Who Was Alfred Kroeber and Why Is He Important in Anthropology?
Alfred Kroeber was an American cultural anthropologist who played a key role in the development of modern anthropology in the United States. He was the first student of Franz Boas, the founder of American anthropology, and the first professor of anthropology at the University of California, Berkeley. He also founded and directed the University of California Museum of Anthropology, where he conducted extensive research on Native American cultures, languages, and archaeology.
In this article, we will explore some of the major contributions and controversies of Alfred Kroeber’s life and work, and why he is still relevant for anthropology today.
Kroeber’s Contributions to Anthropology
Kroeber was a prolific writer who published more than 500 works on various topics in anthropology. Some of his most influential works include:
- Anthropology (1923; revised edition 1948): This was one of the first general textbooks on anthropology that introduced the four-field approach (cultural, biological, linguistic, and archaeological anthropology) and the concept of cultural relativism, which argues that cultures should be understood in their own terms and not judged by external standards.
- Configurations of Culture Growth (1945): This was an ambitious attempt to trace the patterns and processes of cultural change and development across human history, using examples from art, literature, religion, science, and technology.
- The Nature of Culture (1952): This was a collection of essays that explored various aspects of cultural theory, such as culture and personality, culture and society, culture and history, and culture and evolution.
Kroeber also made significant contributions to the study of Native American cultures, especially in California. He documented and classified hundreds of languages and dialects, collected thousands of artifacts and specimens, and recorded oral histories and myths. He also worked with Ishi, the last surviving member of the Yahi tribe, who became a living source of information about his culture.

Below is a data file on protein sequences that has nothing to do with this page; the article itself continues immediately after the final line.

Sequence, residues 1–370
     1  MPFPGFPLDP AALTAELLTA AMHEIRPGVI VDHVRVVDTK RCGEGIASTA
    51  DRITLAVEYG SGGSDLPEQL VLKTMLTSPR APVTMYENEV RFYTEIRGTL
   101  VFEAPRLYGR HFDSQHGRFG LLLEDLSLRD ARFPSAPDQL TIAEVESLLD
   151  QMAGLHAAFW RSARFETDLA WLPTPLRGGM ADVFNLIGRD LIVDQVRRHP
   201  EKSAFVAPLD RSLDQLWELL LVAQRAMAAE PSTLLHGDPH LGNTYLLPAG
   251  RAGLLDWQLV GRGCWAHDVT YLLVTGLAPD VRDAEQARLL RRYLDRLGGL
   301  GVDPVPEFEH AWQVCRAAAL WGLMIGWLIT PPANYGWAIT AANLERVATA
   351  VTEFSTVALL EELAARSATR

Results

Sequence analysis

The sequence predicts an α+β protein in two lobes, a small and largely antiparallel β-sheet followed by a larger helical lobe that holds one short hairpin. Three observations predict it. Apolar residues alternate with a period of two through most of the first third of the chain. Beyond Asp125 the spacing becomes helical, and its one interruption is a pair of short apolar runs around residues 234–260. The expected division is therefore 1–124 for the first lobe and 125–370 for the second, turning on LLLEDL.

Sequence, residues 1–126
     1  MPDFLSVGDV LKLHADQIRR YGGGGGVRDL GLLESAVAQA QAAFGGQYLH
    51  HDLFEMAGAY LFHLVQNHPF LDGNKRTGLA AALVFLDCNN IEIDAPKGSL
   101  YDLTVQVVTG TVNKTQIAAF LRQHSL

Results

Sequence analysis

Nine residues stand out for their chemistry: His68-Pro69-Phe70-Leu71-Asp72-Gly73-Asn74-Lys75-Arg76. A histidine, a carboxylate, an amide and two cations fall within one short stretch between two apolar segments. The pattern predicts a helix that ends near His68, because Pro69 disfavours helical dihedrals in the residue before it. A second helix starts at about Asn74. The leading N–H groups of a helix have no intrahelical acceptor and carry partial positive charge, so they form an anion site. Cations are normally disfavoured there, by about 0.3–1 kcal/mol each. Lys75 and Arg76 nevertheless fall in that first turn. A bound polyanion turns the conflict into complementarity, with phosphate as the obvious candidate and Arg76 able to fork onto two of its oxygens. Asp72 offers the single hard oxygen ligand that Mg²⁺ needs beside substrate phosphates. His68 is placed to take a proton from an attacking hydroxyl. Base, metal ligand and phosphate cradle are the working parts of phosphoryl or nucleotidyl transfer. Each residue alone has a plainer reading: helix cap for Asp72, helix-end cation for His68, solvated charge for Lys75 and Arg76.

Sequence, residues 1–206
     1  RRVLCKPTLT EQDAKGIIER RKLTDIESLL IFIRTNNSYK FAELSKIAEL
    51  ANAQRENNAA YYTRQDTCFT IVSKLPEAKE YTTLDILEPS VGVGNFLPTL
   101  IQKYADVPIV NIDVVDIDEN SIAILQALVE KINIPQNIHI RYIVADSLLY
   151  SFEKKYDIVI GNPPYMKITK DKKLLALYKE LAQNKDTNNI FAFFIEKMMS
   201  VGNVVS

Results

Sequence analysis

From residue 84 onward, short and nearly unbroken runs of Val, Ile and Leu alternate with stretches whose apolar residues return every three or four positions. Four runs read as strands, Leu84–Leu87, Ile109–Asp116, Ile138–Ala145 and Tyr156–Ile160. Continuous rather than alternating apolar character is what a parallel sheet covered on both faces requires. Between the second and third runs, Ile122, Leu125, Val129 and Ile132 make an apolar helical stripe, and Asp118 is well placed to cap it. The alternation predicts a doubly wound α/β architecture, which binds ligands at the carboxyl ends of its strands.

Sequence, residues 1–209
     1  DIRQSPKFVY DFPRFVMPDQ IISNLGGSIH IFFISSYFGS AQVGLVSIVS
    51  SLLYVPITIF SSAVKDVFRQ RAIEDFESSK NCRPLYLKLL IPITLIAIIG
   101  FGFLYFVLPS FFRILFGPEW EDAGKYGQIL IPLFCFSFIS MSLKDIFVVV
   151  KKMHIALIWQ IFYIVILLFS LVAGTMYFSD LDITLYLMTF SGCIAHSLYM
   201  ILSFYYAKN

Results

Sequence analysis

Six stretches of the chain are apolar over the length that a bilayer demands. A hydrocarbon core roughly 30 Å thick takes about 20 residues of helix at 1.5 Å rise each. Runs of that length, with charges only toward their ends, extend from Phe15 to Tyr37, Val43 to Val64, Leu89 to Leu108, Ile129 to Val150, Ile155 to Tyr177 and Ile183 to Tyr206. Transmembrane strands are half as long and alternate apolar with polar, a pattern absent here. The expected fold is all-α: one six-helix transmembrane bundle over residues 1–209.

In addition, Kroeber conducted archaeological research in New Mexico, Mexico, and Peru. He introduced controlled excavation methods and used stylistic analysis to determine chronological sequences. He also contributed to the understanding of the origins and development of complex civilizations in the Andes.
Despite his achievements and influence, Kroeber was not without criticism and controversy. Some of the issues that have been raised about his work include:
- Ethical concerns: Kroeber’s research practices were often objectionable to many Native Americans and violated their rights and dignity. For example, he collected human remains without consent or proper care, displayed sacred objects in museums without regard for their meaning or context, and published sensitive information without regard for its consequences.
- Cultural bias: Kroeber’s views were shaped by his own cultural background and assumptions. For example, he tended to favor Western civilization over other cultures, he ignored or downplayed the role of women and gender in culture, and he failed to acknowledge the impact of colonialism and oppression on Native American cultures.
- Theoretical limitations: Kroeber’s theories were often descriptive rather than explanatory or predictive. For example, he focused on documenting cultural diversity rather than explaining its causes or consequences, he avoided engaging with social or psychological factors that influenced culture, and he rejected the idea that culture could be studied scientifically or objectively.
Kroeber died in 1960 in Paris at the age of 84. He left behind a rich legacy of scholarship and teaching that influenced generations of anthropologists. He also left behind a family of notable writers and scholars. His second wife Theodora Kroeber was a writer who popularized Ishi’s story in her book Ishi in Two Worlds. His daughter Ursula K. Le Guin was a renowned novelist who wrote science fiction and fantasy books that explored themes of culture, gender, ecology, and politics.
Kroeber’s name was also associated with several institutions and honors. The anthropology department building